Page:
The United States enters one of the most critical weeks so far in the coronavirus crisis with the death toll exploding in New York, Michigan and Louisiana, but a few governors still resisted issuing stay-at-home orders and a handful of churches held large Palm Sunday services.
New York, the hardest-hit state, reported on Sunday that, for the first time in a week, deaths had fallen slightly from the day before, but there were still nearly 600 new fatalities and more than 7,300 new cases. Places such as Pennsylvania, Colorado and Washington, D.C. are starting to see rising deaths.
Bodies of victims of COVID-19, the flu-like respiratory disease caused by the coronavirus, were stacked in bright orange bags inside a makeshift morgue outside the Wyckoff Heights Medical Center in Brooklyn, according to photos provided to Reuters.
New York Governor Andrew Cuomo said on Sunday that new hospitalizations had fallen by 50% over the previous 24 hours, but he cautioned that it was not yet clear whether the crisis was reaching a plateau in the state, which has a total of 4,159 deaths and more than 122,000 cases.
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“The coronavirus is truly vicious and effective at what the virus does,” Cuomo told a daily briefing. “It’s an effective killer.”
Once the peak of the epidemic passes, Cuomo said a mass rollout of rapid testing will be critical to help the nation “return to normalcy.”
‘OUR PEARL HARBOR’
U.S. Surgeon General Jerome Adams warned on Fox News Sunday that hard times were ahead but “there is a light at the end of the tunnel if everyone does their part for the next 30 days.”
“This is going to be the hardest and the saddest week of most Americans’ lives, quite frankly. This is going to be our Pearl Harbor moment, our 9/11 moment, only it’s not going to be localized,” he said. “It’s going to be happening all over the country. And I want America to understand that.”
Most states have ordered residents to stay home except for essential trips to slow the spread of the virus in the United States where over 332,000 people have tested positive and over 9,500 have died, according to a Reuters tally.
However, a few churches were holding large gatherings on Palm Sunday, the beginning of Holy Week in Christian churches.
Pastor Tony Spell, who was arrested last week for holding services, summoned his faithful again, three weeks after Louisiana banned gatherings of 10 people or more.
Hundreds of worshippers converged on Spell’s Life Tabernacle megachurch in a suburb of Baton Rouge, many arriving in 26 buses sent to pick them up. Everyone but immediate family members kept at least six feet apart, a lawyer for the pastor said.
“They would rather come to church and worship like free people than live like prisoners in their homes,” Spell told reporters.
Louisiana has become a hot spot for the virus, reporting a jump in deaths to nearly 500 and more than 13,000 cases. The governor predicted the state will run out of ventilators by Thursday.
Most churches have closed their doors and many are broadcasting services online. Rhode Island’s governor went as far as to discourage the traditional distribution of palms after medical experts determined there was no safe way to do so.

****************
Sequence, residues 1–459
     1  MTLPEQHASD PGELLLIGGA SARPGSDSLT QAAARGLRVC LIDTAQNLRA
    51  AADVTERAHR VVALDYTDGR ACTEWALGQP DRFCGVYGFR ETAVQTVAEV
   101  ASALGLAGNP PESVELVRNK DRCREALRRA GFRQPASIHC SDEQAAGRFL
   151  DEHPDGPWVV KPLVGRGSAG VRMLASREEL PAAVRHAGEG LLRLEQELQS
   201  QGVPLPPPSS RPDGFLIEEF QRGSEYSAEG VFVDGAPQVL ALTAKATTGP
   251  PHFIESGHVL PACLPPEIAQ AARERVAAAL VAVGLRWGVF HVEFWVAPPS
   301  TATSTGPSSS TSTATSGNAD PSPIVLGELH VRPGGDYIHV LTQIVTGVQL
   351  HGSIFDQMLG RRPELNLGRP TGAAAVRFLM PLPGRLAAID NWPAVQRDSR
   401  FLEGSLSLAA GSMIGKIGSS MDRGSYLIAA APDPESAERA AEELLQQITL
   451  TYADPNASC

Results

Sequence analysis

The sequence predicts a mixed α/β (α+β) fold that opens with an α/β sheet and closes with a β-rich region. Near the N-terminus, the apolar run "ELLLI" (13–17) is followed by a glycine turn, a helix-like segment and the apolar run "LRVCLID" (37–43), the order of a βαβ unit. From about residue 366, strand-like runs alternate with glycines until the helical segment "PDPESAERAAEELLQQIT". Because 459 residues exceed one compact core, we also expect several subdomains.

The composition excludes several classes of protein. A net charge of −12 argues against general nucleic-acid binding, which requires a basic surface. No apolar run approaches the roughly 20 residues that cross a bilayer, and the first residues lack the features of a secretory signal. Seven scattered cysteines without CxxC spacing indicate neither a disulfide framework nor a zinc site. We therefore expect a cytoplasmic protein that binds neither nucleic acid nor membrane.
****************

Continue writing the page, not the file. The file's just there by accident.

‘IT COULD COME BACK’
White House medical experts have forecast that between 100,000 to 240,000 Americans could be killed in the pandemic, even if sweeping orders to stay home are followed.
President Donald Trump warned on Saturday that there were “very horrendous” days ahead.
Washington state Governor Jay Inslee, a Democrat, whose state has seen cases flatten after early action, said if other states do not also impose strict measures, the virus will simply circulate.
Rhode Island Governor Gina Raimondo said she might “shut everything down” if residents do not follow current rules as her state’s number of cases approaches 1,000 and deaths rise.
Eight states have yet to order residents to stay home: Arkansas, Iowa, Nebraska, North Dakota, South Carolina, South Dakota, Utah and Wyoming. Georgia, which has recorded 6,600 cases and more than 200 deaths, ordered residents to stay home but then allowed some beaches to reopen.
Republican Arkansas Governor Asa Hutchinson defended his refusal to order statewide restrictions, saying the situation was being watched closely and that his more “targeted approach” was still slowing the spread of the virus.
Adams, the surgeon general, said governors who have not issued month-long stay-at-home orders should at least consider one for the upcoming week.
Kate Lynn Blatt, 38, a property manager from rural Pottsville, Pennsylvania, said she was astounded that her state’s governor, Tom Wolf, waited until April 1 to issue a statewide stay-at-home order.
“We were shocked. I can’t believe Trump hasn’t issued a nationwide order and I still can’t believe there are states that are still open,” Blatt said.
Reporting by Susan Heavey and Amanda Becker in Washington, Nathan Layne in Wilton, Connecticut and Daniel Trotta; Writing by Lisa Shumaker; Editing by Daniel Wallis